False doctrine of any sort within a congregation is a serious matter. If we try to trivialize the Truth as “a matter of opinion,” we will have a conflict on our hands and no peaceful resolution in sight. Some might bring up the fact that many of us hold differing views on subjects, and of course, such is true. Brethren hold differing views on the nature of the Head Covering, and yet are able to fellowship each other. However, when someone is actively trying to get others to change their views, and spreading their doctrine around in subversive ways, it creates an atmosphere of dishonesty and insincerity.
The Apostle Peter had much to say about this in his second letter, declaring in 2 Peter 2:1 that, “false prophets also arose among the people, just as there will be false teachers among you.” These teachers would not be brought in by some evil outside force, but be “among” them. These teachers would not be honest or trustworthy, but would “secretly bring in destructive heresies,” teachings that would undermine the faith of those who were listening to them. In this, they would be “bringing upon themselves swift destruction.”
When a brother approaches us privately, and begins to talk to us about something that we might not immediately understand, we should not refuse to study with them. On the contrary, we should be more than willing to do so! However, we must be grounded in the Scriptures, properly motivated for the true benefit of their soul, and we must be willing to show them the truth if they are found to be in error. If they are in error and eventually refuse to change, we must recognize that they are a danger to anyone under their influence. Shouldn’t we warn others about such danger?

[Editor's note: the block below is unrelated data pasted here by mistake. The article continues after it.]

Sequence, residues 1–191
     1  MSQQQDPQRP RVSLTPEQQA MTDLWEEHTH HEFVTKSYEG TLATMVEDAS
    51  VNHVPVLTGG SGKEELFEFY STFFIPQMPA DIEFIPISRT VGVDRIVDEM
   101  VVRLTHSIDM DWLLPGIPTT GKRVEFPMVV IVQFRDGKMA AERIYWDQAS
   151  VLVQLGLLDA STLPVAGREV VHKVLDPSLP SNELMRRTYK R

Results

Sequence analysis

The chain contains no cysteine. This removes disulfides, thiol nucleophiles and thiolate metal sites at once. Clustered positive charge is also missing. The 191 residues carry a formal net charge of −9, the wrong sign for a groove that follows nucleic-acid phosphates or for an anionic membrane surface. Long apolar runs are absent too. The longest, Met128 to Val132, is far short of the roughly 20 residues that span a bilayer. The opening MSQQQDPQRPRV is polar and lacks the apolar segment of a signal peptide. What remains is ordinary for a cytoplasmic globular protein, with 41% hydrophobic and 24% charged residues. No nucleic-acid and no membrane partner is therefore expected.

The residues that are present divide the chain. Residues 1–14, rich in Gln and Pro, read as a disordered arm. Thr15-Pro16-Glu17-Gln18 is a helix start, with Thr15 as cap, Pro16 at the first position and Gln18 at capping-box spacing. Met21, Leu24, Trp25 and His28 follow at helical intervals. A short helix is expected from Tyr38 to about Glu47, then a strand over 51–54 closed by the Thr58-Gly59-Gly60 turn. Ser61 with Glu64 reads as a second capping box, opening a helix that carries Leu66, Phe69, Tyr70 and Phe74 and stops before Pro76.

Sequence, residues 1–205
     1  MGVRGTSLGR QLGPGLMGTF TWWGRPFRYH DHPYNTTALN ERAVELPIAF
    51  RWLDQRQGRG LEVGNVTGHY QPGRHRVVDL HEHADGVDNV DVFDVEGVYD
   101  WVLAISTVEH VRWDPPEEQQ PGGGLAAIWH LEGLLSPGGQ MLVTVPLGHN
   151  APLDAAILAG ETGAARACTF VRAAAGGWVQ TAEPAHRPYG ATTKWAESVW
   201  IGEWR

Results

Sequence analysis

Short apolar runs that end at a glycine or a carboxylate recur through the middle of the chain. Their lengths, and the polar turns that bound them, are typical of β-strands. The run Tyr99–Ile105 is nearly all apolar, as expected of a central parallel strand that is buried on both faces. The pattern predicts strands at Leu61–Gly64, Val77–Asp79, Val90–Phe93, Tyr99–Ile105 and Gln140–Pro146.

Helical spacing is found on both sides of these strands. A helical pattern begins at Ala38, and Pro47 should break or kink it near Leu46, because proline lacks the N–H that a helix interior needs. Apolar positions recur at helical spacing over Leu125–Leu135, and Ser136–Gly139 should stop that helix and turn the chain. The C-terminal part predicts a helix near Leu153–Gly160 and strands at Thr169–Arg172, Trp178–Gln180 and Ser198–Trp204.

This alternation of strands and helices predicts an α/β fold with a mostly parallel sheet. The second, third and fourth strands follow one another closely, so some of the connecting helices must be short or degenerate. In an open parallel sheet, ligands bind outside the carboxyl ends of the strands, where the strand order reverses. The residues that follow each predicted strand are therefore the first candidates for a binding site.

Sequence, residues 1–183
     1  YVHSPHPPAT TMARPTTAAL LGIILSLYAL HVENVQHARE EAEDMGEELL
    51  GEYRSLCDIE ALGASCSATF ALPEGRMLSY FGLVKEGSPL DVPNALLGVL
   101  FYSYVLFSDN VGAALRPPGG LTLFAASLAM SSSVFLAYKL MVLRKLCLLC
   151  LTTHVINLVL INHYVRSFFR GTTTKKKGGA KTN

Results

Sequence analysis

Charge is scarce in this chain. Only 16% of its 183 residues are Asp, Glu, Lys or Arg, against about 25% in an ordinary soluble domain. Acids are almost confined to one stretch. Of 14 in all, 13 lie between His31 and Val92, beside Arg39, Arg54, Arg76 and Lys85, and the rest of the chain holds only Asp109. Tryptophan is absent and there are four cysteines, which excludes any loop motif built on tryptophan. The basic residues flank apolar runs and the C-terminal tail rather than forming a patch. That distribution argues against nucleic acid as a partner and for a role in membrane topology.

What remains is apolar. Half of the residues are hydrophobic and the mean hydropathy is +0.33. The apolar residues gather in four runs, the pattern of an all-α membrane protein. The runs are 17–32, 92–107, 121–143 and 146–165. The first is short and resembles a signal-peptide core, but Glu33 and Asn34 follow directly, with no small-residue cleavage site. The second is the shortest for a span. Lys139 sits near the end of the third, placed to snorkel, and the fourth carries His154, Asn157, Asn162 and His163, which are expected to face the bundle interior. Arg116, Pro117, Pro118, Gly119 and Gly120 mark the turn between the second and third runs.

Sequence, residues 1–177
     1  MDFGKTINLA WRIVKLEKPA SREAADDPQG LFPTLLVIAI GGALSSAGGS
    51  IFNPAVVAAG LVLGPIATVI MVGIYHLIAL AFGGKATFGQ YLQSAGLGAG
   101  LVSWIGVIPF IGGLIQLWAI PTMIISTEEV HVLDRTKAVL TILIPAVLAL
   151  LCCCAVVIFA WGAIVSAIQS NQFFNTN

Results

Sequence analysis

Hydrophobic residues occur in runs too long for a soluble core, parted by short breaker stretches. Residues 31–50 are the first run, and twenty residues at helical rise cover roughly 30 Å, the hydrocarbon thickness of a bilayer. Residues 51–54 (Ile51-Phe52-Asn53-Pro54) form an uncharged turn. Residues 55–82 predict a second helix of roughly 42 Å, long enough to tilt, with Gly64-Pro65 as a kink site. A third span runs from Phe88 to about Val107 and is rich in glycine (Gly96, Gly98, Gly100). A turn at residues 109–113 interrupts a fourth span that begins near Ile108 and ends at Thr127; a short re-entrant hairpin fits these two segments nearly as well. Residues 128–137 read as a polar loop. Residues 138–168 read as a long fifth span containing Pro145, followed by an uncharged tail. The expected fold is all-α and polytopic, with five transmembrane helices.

Paul apparently did so, because he told the elders at Ephesus: “Therefore be alert, remembering that for three years I did not cease night or day to admonish every one with tears” (Acts 20:31). Even though this warning might “stir up trouble,” we know that in cases of false doctrine being taught, trouble must sometimes be “stirred up” in order to prevent greater problems from manifesting. Should we hold back from warning the flock about a possible wolf among us? Peter writes, “And many will follow their sensuality, and because of them the way of truth will be blasphemed. And in their greed they will exploit you with false words. Their condemnation from long ago is not idle, and their destruction is not asleep” (2 Peter 2:2-3). Dare we sit back when such things are going on among the LORD’s faithful?